This is a good thread that I would like to discuss further. Any takers?
and highlighted for me again the difficulty that asexuals who have sex may have in getting anyone to acknowledge their asexuality, or even to acknowledge it themselves.
Why do sexually active asexuals need to have anyone acknowledge their asexuality?
The people that it's important acknowledge their asexuality are the sexually-active asexual themselves, and their partner. Maybe important isn't the right word, because I'm sure some a/s couples get by fine working out their own solutions without even knowing of asexuality, but it's helpful for any that don't want to reinvent the wheel by falling into all the pitfalls of each partner assuming that their partner approaches sexuality in a similar manner to themselves.
Even on the next level down, there are those who insist that masturbation, fantasy or fetish all exclude you from being a "true" asexual - a meme that comes up again and again from non-libdoists, therapists, and armchair psychologists alike.
And some of those armchair psychologists are sexuals on sex forums -- not so much discussing what a "true" asexual is, but what sexuals do. "If you do this and that just like us, then you are one of us...".
And that's fine if that's as far as it goes. I'm not sure if you're referring to a particular thread (now deleted) on sexforums.com where a whole heap of asexual erasure was going on in the name of "discussing commonalities". Discussing commonalities is great, but when an asexual mentions that, for example, they find masturbation to be non-sexual, it's not discussing commonalities anymore if you call them a liar - insisting that your assumptions about what masturbation is like trump their lived experience. I wish that thread hadn't been deleted, as it was a great example of what I'm talking about. Actually, the fact that that thread that started as a plea for visibility got deleted because it had devolved into an argument on whether asexuality even existed is also a good example of a more concrete form of asexual erasure.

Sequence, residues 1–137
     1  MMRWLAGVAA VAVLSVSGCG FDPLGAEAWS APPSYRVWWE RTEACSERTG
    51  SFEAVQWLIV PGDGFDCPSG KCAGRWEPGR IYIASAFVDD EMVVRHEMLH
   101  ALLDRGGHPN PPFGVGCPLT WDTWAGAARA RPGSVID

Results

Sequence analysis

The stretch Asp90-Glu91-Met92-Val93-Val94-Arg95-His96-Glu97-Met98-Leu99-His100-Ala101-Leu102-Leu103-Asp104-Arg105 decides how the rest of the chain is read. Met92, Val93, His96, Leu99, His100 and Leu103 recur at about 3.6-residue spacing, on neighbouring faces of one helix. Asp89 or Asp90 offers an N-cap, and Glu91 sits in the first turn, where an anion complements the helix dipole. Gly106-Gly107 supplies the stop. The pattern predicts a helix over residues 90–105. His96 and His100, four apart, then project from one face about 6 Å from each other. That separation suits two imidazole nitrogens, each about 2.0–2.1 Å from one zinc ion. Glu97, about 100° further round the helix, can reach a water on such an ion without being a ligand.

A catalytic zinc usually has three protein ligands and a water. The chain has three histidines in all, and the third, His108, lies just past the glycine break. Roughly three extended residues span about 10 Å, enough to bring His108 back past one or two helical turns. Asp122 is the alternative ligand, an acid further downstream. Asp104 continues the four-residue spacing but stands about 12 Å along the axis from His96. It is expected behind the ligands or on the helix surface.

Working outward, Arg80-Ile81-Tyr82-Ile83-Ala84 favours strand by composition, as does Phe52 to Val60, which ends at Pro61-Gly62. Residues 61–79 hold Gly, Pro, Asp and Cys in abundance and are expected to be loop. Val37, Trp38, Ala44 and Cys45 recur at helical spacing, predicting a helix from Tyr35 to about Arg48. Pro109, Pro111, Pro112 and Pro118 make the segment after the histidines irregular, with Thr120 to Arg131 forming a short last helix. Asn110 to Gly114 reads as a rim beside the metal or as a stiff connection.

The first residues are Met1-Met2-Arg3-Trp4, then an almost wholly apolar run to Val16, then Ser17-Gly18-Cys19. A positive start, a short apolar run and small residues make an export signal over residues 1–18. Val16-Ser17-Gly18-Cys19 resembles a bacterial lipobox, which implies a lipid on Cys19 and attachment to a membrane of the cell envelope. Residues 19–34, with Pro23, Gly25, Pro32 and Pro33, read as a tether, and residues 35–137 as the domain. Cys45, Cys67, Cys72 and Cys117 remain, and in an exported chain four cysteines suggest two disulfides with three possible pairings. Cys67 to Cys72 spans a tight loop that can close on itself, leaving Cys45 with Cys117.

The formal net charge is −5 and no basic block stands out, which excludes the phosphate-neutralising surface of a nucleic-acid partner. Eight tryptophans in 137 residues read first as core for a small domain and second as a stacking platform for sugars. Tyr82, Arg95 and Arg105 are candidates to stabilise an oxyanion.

And so the message is that if you indulge in sexual behaviour, you're sexual, despite any other evidence of asexuality - just as indulging in same-sex sexual behaviour is assumed to imply that you are homosexual, even despite other evidence of bisexuality.
The outside world looks at behavior. Two partners in a sexual relationship are considered sexual. Two partners indulging in same sex sexual behavior are considered homosexuals in a homosexual relationship. It makes sense to me and applies to that particular relationship.
I think it's ironic that in a thread drawing a parallel between bisexual erasure and the asexual equivalent, you choose to defend/justify asexual erasure by committing bisexual erasure. Was it deliberate?
who has any libido at all regardless of whether it's directed by sexual attraction
Do you think libido follows sexual attraction? (this is a curiosity question more than anything else...)
Like Dargon, I think libido is something separate to orientation, and both inform (but do not determine) sexual behaviour.
I know that's what everyone says when they're amongst understanding people, but the message that goes into visibility efforts often gets to simplified to "Meet David Jay. He could have sex but he doesn't want to - he's asexual and doesn't see the point." Or most of the Montel episode, where people were at pains to point out that they didn't have sex and were ok with that, or had had sex but didn't anymore because they didn't like it.